The Blood Wall Trilogy Part III

Hi, all! Welcome to the third and final chapter of the Blood Wall Trilogy. If you haven’t read the first two chapters, please click here to get caught up before reading chapter three: End of an Era.

As you may have read in the second installment, I pride myself on being one of several who helped spread the custom to the gym I transferred to around level 7. However, I am ashamed to admit that I was also witness to the end of the tradition that was the blood wall.

The beginning of the end was a face-plant on beam. Little did I know that a botched handspring layout to my face would eventually aid in the demise of the time-tested blood wall.

It was a summer beam workout, meaning we could only be working on one thing: series. I had been trying to get my handspring layout down on the floor beam, but I didn’t feel quite confident enough to move up yet. Good thing, too, when one of my passes wasn’t aligned with the beam, ending in me undercutting my layout and landing straight on my face. Hard.

Still dizzy but thankfully seeing no stars as I stood back up, I was not surprised to feel a trickle of blood making its way from my nose.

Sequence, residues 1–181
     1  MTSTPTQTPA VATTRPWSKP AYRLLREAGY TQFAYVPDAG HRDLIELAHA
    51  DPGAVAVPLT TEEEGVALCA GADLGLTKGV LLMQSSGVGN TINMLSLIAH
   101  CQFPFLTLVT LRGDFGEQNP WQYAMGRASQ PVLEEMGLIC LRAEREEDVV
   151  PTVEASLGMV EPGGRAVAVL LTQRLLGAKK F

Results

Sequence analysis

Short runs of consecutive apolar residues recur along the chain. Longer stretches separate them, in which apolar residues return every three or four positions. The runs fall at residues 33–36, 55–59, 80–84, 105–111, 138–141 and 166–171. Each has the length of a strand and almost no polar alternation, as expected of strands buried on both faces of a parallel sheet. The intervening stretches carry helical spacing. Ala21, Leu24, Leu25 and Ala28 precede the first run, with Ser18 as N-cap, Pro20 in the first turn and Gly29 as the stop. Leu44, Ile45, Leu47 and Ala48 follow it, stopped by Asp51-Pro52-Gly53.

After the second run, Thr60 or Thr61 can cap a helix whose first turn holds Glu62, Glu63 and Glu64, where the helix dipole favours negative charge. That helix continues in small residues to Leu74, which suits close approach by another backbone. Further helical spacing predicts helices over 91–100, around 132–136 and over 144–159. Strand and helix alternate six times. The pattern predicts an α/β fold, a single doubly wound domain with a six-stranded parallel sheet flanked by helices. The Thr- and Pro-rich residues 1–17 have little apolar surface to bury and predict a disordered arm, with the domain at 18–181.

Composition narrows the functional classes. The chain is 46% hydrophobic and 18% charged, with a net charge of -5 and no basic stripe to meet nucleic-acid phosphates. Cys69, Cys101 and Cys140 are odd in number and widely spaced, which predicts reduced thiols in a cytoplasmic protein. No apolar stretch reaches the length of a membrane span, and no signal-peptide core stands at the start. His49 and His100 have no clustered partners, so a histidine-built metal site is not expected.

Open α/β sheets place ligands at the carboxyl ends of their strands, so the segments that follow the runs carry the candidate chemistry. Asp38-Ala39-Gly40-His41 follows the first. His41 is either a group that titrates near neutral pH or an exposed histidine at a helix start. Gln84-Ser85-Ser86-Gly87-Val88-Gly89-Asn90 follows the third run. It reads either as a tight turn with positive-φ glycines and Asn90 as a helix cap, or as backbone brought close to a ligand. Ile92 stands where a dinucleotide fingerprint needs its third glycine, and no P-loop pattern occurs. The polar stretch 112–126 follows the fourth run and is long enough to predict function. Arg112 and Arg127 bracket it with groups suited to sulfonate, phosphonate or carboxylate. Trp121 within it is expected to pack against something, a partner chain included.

That beam must have really done a number on me, because ten minutes later, that trickle showed no sign of stopping. No matter, right? Unless I died of blood loss, all that meant was I had more art supplied for the blood wall. At that point, I had gone through countless napkins, and decided to put them to good use.

Balling them up in one fist, I used the bloodied mass to smear my name across the wall in colossal, five-inch letters. Twice. Still having some left over dampness on the paper towel, I completed my piece with two vertical stripes and one massive bloody nose-shaped squiggle. I looked over what had become my magnum opus with pride, then went back to beam, thinking nothing of it.

IMG_0401 Pretty gnarly, huh?

Months passed.  Though I was unaware of this at the time, it seems that during those months our humble little blood wall began to get some attention… from the parents.

“Coach, what are all those little drawing on the far wall?”

Oops. Worse, still:

“Coach, who is Dee and why is her name written on the wall in red paint?”

Red paint, yes, that’s what it was!

Anyway, summer training ended, and the compulsory competitive season was almost upon us. That meant that the season of hosting meets was also nigh. And, between the recent scrutiny of some apparently very observant parents and the meet season, we decided to pull the plug on the whole operation.

Though it pains me to say this, it was time to paint over the blood wall. The masterpiece of the competitive team that we had put our blood, s— well, no sweat or tears, but plenty of blood—into was gone just like that.

And though it may be gone now, my teammates, my coach, some mentally scarred children, nor I will ever forget the blood-curdling tradition of the blood wall.


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